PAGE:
Photo courtesy Ottawa Fury FC
When Carrie McKay first headed to Canada from her native Australia, it wasn’t necessarily going to be a long-term move.
“I just wanted to have a year off and try and experience different cultures,” McKay said. “Moving to a place like Canada is not that much of a culture shock, it’s very similar to Australia, so I thought it would be a good place to start.”
Eleven years later, McKay has become an integral part of the Ottawa Sports & Entertainment Group, having recently being appointed as Assistant General Manager of Ottawa Fury FC. That appointment placed her alongside a growing number of women who have moved into sporting executive roles in North America in recent years, and has allowed McKay to pursue a passion she’s held from a young age.
McKay joined OSEG after working for the Australian High Commission in Ottawa, and after several years of working in government knew she wanted to get back into the sports business. When the opportunity to become the Executive Assistant to Fury FC owner John Pugh arrived, it proved an ideal fit.
“I’ve have a fair bit of sports experience, I have degrees related to sports management and sports psychology,” said McKay. “Fury FC had just joined in with the Ottawa Sports & Entertainment Group, so I came over here to be John’s Executive Assistant. Within a year I was running the Academy program, and then a couple of years later I took on the role as the Director of Soccer Operations.”
A former player of both netball and field hockey growing up, McKay moved into the operational side for both sports in Australia at the state level. Her organizational abilities have come to the fore in her roles with OSEG, but the opportunity has also given her the chance to immerse herself in the culture that surrounds soccer as well.
“I had never played, but it’s definitely a sport I have grown to love, and I’m very passionate about it now,” said McKay. “I think from starting as John’s EA to being exposed to the opportunity and being exposed to the processes by the people who had done the job before me it definitely gave me a good base to understand the sport more and the support from the league that I get, and also the CSA, it’s made it very seamless to move into a different sport.”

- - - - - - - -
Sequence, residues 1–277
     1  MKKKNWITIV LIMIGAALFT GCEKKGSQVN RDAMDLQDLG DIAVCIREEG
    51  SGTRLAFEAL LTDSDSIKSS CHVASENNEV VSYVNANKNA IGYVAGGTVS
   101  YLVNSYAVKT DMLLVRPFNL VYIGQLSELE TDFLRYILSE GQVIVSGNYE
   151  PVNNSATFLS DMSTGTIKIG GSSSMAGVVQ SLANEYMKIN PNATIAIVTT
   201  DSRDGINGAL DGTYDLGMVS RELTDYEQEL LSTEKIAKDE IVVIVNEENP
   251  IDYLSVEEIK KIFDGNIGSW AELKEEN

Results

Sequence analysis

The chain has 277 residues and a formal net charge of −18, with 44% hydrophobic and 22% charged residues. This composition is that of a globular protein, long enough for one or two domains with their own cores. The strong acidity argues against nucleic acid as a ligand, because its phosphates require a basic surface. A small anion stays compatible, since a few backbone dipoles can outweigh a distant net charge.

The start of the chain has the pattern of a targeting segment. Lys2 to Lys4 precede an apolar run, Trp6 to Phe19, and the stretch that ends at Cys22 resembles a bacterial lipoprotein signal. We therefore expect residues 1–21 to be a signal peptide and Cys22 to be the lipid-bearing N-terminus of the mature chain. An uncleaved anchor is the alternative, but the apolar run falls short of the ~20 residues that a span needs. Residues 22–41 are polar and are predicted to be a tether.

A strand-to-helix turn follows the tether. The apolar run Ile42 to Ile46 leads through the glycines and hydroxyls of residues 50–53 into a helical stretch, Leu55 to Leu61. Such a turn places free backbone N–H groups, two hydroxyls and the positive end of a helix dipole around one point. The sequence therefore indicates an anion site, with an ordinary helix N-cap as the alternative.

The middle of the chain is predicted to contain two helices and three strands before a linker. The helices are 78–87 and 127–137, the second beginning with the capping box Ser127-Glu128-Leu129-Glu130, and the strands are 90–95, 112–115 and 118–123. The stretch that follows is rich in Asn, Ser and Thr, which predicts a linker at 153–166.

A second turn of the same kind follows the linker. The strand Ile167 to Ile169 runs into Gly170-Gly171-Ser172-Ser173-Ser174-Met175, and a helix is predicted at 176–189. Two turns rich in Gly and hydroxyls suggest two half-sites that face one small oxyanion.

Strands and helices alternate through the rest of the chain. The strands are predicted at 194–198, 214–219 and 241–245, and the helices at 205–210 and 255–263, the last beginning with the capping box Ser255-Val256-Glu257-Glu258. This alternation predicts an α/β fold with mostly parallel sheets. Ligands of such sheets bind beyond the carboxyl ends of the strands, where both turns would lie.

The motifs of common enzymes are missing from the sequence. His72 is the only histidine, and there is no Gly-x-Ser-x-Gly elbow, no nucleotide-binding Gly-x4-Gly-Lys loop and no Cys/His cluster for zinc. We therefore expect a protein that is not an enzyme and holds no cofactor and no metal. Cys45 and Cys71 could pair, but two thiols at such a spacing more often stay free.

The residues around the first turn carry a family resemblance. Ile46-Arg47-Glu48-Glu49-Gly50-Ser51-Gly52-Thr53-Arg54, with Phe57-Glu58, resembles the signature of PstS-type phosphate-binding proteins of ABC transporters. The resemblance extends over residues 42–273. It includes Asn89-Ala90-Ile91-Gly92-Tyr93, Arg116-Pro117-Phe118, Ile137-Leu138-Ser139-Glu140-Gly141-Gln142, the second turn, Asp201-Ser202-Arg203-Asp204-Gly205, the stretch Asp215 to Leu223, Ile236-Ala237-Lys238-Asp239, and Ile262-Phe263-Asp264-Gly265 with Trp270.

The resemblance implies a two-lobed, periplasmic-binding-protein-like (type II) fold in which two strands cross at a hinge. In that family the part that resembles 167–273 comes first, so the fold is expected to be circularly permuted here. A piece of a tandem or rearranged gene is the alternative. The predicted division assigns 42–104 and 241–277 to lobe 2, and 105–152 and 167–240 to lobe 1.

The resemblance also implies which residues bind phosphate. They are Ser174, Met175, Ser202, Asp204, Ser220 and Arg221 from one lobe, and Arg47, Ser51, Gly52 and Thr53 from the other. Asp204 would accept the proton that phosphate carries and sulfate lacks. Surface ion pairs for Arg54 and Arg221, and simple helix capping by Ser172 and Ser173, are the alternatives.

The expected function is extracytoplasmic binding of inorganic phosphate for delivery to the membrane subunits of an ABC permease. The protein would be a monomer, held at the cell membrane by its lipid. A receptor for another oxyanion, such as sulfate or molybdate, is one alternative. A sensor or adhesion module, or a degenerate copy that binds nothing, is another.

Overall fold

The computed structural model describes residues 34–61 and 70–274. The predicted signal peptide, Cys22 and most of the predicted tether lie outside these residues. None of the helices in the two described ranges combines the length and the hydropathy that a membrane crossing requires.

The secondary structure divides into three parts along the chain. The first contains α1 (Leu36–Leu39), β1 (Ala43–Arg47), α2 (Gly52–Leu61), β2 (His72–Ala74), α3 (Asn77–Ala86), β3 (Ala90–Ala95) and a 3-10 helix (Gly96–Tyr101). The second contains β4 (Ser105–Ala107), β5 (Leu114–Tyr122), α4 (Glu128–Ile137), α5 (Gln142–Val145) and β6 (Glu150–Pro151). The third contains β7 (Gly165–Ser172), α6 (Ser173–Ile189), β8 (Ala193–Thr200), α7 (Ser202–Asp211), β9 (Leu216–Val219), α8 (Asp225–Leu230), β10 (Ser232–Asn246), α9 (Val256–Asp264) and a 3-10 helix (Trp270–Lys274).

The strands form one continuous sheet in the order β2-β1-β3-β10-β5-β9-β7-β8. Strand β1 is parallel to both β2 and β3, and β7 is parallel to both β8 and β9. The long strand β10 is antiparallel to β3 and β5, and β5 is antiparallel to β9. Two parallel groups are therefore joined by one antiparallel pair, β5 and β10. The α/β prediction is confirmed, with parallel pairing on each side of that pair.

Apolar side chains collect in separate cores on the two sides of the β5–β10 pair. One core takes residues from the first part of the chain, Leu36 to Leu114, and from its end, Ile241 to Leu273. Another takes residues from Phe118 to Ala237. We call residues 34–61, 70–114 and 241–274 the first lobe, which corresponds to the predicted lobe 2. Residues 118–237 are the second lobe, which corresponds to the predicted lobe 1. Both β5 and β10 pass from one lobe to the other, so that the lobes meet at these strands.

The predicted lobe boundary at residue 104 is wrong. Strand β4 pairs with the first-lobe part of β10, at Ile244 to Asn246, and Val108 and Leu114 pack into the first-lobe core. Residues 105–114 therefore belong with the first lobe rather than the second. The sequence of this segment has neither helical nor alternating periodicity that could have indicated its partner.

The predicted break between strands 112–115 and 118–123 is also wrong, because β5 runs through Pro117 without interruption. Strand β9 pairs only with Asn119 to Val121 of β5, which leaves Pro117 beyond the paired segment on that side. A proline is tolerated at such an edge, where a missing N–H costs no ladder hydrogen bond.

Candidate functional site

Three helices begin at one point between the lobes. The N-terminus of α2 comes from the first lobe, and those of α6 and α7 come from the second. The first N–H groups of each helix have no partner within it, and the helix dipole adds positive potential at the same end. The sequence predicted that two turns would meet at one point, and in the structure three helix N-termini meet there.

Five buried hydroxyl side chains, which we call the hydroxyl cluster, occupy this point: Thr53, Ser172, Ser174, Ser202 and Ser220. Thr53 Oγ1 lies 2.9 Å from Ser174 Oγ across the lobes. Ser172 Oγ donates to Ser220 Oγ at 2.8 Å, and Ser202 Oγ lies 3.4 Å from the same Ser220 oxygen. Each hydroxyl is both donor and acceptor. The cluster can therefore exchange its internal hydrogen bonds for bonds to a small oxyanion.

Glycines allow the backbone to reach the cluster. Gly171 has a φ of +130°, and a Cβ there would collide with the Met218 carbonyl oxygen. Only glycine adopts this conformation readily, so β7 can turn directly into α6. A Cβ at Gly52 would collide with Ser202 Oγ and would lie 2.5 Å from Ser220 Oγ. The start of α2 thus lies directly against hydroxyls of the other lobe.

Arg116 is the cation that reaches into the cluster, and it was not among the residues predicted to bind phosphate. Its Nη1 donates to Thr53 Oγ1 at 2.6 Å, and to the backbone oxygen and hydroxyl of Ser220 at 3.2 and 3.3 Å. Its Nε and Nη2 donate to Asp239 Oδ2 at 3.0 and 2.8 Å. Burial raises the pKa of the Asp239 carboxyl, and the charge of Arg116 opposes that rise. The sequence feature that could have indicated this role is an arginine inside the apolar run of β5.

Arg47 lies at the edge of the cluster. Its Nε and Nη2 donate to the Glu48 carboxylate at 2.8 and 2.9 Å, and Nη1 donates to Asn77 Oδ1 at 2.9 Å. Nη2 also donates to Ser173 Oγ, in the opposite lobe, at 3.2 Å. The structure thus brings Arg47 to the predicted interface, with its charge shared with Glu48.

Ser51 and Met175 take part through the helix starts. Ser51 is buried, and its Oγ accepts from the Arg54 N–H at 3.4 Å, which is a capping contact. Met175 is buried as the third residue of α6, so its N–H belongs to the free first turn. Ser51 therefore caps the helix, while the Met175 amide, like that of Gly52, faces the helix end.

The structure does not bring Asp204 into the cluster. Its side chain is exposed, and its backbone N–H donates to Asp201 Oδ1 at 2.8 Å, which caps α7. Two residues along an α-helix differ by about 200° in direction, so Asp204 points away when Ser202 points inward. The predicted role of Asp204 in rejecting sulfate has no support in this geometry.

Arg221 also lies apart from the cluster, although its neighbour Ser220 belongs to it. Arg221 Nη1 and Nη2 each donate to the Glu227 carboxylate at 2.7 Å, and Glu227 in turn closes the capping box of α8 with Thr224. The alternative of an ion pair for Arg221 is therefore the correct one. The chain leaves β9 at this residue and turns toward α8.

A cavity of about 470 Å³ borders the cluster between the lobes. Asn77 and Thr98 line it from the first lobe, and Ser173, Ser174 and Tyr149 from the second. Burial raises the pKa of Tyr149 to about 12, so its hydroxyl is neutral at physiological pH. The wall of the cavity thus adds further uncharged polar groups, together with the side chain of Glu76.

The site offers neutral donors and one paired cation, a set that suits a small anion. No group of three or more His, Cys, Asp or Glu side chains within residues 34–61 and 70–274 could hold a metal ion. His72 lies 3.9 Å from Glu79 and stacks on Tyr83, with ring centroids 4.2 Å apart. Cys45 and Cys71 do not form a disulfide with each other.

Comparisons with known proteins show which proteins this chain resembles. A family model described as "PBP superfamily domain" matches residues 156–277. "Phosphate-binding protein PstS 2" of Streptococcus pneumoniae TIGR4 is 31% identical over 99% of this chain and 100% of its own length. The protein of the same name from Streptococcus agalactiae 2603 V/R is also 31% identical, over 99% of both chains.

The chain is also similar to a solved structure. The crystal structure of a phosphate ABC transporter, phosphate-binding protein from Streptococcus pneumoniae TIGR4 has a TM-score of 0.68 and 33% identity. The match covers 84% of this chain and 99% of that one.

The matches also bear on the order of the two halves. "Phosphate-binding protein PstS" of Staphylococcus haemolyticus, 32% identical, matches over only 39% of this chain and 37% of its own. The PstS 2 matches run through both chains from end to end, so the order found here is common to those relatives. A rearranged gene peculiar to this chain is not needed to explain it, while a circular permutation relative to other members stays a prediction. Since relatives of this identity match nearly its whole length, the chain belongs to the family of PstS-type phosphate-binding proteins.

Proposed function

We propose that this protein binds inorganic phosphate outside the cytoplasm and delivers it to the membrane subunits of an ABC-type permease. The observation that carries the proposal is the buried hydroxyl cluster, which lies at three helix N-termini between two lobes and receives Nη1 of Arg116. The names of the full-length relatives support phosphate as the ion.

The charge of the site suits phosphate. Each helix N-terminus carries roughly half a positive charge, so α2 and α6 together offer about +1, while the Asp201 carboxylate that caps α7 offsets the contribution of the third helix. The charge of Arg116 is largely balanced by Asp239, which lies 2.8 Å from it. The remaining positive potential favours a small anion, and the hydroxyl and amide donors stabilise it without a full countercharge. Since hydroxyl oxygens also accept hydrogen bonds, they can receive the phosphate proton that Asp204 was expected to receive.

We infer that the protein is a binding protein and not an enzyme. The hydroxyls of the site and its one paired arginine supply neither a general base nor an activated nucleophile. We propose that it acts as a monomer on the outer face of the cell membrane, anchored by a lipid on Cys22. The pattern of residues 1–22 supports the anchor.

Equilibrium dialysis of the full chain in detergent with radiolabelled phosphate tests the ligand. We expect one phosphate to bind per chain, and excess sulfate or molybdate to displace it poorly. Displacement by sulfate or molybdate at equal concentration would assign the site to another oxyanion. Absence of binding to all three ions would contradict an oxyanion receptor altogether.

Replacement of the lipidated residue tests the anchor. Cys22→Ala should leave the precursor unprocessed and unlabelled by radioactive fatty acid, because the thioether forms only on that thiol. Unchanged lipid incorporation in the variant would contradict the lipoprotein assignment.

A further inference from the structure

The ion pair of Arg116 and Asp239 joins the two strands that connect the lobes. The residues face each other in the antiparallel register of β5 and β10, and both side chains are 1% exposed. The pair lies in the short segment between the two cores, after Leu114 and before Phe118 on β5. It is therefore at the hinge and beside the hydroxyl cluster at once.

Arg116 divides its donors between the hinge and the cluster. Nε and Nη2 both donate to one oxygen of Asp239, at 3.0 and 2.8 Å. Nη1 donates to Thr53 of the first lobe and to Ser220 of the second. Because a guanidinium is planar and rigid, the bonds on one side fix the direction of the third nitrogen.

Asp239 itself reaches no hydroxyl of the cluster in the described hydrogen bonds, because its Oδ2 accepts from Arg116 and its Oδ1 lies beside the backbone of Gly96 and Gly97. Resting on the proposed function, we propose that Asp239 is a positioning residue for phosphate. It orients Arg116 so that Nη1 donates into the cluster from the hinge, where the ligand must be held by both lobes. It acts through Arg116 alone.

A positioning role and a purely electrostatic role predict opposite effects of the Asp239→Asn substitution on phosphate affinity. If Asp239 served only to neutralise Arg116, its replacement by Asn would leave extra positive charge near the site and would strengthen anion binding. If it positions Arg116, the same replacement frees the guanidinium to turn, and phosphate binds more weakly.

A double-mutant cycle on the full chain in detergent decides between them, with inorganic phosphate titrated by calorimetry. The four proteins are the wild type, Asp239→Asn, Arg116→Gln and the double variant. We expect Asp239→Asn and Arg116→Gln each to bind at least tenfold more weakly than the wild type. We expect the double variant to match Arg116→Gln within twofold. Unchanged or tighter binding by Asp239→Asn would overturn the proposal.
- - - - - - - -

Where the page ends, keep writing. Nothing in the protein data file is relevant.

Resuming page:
Photo courtesy Ottawa Fury FC
Helping that education on the business side has been Fury FC General Manager Julian de Guzman, whose extensive career both in Europe and for the Canadian Men’s National Team have given McKay a breadth of knowledge to soak up in her new role. The two are now working as an effective tandem, with McKay handling contract negotiations as de Guzman looked to add new talent to Fury FC’s squad this offseason.
That level of teamwork is something McKay believes will become more commonplace throughout front offices, allowing a greater level of specialization that will potentially open more doors for others to follow in her footsteps.
“I think we can see a lot of the roles at the higher levels being split, with Julian on the scouting side where I’m taking over after a certain point, that’s kind of the way of the future,” said McKay. “It’s a team effort, it’s not one person anymore, and I think it’s great more women are being given the chance to shine in higher roles at this time.”
McKay isn’t the only female executive to move into a key front office position within North American soccer, with Sporting Kansas City having appointed Meghan Cameron as its Assistant Director of Player Personnel this past December, a first for a Major League Soccer club. The USL has had its own history of female executives, including longtime Richmond Kickers General Manager Shelley Sowers and former Louisville City FC President Amanda Duffy, placing McKay in strong company.
“Leading the way for women in what is a man-dominated sport is an honor for people to have the faith and trust in my ability to do that,” said McKay. “OSEG is very supportive of women in sport, it’s one of the things they pride themselves on, so just to be able to have the opportunity is great.”
Having built her career in sport in both the governmental and professional landscape, McKay has certainly found in OSEG an ideal place to learn and grow professionally. More than a decade after her arrival in Canada’s capital, she’s now part of something that feels rooted in something bigger than just sport.
“The main difference to me is this does feel like a family,” said McKay. “These are my boys, I take care of them to the best of my ability so they can focus on winning. That’s what we’re here for, and I get to know them so well I’d do anything for them. It’s the same at all the levels of the organization here, everyone wants this organization to succeed, and when everyone’s striving for the same thing and has the passion and the family-feel to it, it makes the organization that much more successful.”